Endoscopic Surgery for a Large Laryngeal Neurofibroma
Neurofibromas of the larynx are extremely rare in the pediatric population, with few cases reported in the literature. When a five-year-old girl with neurofibromatosis type 1 (NF-1) presented with a large laryngeal mass, physicians in the Department of Otorhinolaryngology-Head and Neck Surgery at McGovern Medical School at UTHealth performed a successful endoscopic resection, the results of which were presented at the American Society of Pediatric Otolaryngology (ASPO) annual meeting in April 2021
“This was an unusual tumor in the larynx, especially in a child,” Sancak Yuksel, MD, an associate professor of otorhinolaryngology at McGovern Medical School, says. “It was paralyzing her vocal cords, resulting in a raspy voice. The case was not straightforward. We could perform an open surgery or remove it endoscopically and avoid a tracheostomy. Because of our concern about the possible progression of the lesion and the family’s desire to avoid open larynx surgery, we proceeded endoscopically.”
The mass occluded just over 50 percent of the glottic lumen, and during surgery, Dr. Yuksel found that it also involved the superior laryngeal nerve. “We were able to remove 95 percent of the mass, reducing its effect substantially, and preserve the majority of the overlying mucosa.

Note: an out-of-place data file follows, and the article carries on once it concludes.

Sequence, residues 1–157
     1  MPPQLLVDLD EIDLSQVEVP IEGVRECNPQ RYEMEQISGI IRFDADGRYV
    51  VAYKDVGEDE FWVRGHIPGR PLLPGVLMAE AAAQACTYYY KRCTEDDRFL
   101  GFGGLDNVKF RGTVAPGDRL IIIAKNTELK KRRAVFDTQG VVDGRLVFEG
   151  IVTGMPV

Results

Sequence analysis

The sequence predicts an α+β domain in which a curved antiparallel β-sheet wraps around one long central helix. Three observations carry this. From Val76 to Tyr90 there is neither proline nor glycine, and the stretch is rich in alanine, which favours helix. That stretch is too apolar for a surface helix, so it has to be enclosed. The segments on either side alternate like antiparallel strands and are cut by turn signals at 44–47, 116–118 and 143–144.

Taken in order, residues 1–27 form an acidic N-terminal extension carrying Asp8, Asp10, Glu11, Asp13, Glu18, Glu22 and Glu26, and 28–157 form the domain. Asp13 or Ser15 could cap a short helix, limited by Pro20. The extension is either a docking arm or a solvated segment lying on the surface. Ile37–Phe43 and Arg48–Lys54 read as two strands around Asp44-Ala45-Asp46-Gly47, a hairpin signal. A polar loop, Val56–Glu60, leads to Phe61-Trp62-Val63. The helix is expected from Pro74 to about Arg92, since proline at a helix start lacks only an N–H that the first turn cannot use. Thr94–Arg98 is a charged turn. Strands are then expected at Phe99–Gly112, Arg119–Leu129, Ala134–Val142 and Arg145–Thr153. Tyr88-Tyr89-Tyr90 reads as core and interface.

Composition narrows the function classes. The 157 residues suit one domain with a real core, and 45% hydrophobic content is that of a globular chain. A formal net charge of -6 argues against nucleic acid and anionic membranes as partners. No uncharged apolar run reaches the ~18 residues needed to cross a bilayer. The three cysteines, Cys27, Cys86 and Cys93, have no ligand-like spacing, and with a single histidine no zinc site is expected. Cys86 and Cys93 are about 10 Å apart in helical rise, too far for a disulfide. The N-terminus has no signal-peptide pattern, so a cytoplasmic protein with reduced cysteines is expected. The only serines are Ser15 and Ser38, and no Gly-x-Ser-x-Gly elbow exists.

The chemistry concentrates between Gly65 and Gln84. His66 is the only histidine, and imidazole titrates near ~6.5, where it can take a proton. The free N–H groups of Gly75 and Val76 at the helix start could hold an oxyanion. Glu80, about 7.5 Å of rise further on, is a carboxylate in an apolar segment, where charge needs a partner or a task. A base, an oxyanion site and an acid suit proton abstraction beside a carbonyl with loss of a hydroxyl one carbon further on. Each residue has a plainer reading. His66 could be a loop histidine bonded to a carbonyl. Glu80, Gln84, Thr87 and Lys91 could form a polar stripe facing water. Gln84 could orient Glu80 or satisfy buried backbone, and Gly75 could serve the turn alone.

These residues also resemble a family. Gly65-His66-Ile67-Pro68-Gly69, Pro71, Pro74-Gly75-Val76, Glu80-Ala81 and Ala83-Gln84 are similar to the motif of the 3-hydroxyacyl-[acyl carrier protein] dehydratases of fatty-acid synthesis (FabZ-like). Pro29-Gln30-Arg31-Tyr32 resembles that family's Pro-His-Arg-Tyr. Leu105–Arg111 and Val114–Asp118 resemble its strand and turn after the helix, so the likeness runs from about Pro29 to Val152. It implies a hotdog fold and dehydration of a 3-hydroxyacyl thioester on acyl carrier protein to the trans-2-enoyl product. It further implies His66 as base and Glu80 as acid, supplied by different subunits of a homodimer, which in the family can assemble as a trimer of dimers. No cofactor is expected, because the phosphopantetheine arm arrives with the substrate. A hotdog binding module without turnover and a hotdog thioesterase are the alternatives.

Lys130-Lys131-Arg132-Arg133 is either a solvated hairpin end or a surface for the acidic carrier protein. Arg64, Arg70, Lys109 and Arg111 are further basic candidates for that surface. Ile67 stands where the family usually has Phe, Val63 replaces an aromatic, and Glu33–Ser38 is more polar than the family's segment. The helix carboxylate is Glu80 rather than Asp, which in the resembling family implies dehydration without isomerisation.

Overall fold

The pathology report showed that it was a benign neurofibroma with plexiform features,” he says. “Surgical resection is the main form of treatment, but negative margins are difficult to obtain and recurrence is common. We will follow the girl closely.”
The results of the surgery were presented at the ASPO meeting by medical student Katherine M. Yu.
Yu KM, Low GM, Huang Z, Yuksel S. Neurofibromatosis and the Pediatric Larynx. Presented at the American Society of Pediatric Otolaryngology Annual Meeting at COSM Virtual Sessions, April 9-11, 2021.